Hurricane Roslyn struck the small community stretch of Mexico’s Pacific coast between the resorts of Puerto Vallarta and Mazatlan Sunday morning.
On Sunday morning, the U.S. National Hurricane Center said Roslyn was about 55 miles (90km) south-southeast of the northern city of Durango.
The hurricane was moving north-northeast at 20 miles per hour (31 kph) and was expected to lose strength further as it moves further inland, although it avoided the resorts.
Roslyn made a landslide around the village of Santa Cruz, near the fishing village of San Blas, about 90 miles (150 kilometers) north of Puerto Vallarta.
In Tepic, the Nayarit state capital, Roslyn blew down trees and flooded some streets. There was a curfew as the authority labored to clear a landslide that blocked the local road.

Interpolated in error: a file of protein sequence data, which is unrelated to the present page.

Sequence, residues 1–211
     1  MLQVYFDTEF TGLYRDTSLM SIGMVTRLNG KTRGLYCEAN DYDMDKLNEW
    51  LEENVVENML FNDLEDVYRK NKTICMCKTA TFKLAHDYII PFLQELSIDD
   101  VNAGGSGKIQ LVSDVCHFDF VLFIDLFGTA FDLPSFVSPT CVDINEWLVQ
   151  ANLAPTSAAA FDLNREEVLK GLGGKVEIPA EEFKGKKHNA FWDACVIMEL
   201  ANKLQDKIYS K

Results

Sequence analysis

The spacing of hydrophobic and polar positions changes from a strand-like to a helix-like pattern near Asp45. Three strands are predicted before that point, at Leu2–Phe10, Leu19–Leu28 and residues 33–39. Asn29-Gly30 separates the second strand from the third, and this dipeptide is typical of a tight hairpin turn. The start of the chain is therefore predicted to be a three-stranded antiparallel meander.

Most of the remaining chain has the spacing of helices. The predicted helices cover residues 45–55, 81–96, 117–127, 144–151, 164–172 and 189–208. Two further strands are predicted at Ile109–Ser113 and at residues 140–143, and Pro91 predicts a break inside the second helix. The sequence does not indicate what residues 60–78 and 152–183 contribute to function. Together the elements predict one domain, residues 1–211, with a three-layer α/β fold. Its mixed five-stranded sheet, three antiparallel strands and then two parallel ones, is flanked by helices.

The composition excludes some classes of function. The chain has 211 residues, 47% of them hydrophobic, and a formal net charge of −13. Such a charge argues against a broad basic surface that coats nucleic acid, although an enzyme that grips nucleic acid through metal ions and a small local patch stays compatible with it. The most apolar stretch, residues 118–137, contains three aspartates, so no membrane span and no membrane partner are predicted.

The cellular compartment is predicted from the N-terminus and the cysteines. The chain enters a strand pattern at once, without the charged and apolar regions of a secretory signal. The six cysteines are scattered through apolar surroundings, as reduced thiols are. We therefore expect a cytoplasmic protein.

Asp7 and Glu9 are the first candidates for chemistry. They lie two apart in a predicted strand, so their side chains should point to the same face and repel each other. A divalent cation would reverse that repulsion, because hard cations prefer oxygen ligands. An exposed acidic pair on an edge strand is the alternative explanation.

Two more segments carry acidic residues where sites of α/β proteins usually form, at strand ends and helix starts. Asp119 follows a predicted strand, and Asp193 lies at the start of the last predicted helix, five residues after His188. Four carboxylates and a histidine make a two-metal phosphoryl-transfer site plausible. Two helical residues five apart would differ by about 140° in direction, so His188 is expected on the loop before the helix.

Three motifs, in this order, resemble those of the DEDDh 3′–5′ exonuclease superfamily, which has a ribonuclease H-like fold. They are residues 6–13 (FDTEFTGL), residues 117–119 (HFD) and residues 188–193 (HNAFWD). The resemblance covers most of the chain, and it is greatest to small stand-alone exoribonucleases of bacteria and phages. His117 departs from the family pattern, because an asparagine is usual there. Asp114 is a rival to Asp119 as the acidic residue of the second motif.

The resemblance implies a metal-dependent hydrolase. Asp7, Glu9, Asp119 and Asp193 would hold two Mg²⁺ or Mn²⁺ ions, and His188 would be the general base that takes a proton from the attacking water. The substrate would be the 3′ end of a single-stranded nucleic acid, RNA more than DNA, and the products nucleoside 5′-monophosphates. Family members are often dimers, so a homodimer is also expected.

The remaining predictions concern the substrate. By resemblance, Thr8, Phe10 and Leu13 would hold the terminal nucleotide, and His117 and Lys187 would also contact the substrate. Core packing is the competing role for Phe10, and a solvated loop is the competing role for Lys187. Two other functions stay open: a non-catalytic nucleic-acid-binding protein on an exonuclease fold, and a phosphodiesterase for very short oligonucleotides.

Roslyn hit the shore in Nayarit state, in roughly the same area where Hurricane Orlene made landfall on Oct. 3.
The Federal Electricity Commission reported that over 150,000 homes had lost power as a result of the storm, alongside the heavy rainfall, and that by midday Sunday, service had been restored to about one-third of those customers.
The National Water Commission said rains from Roslyn could cause mudslides and flooding and the U.S. hurricane center warned that heavy rains could cause flash flooding and landslides
The head of the state civil defense office for the Puerto Vallarta area, Adrián Bobadilla, said:
“The biggest effect was from the waves, on some of the beachside infrastructures. We did not have any significant damage.”
The waves from the storm had carried away railings and small thatched structures that normally keep the sun off diners at the beachside eateries in Puerto Vallarta.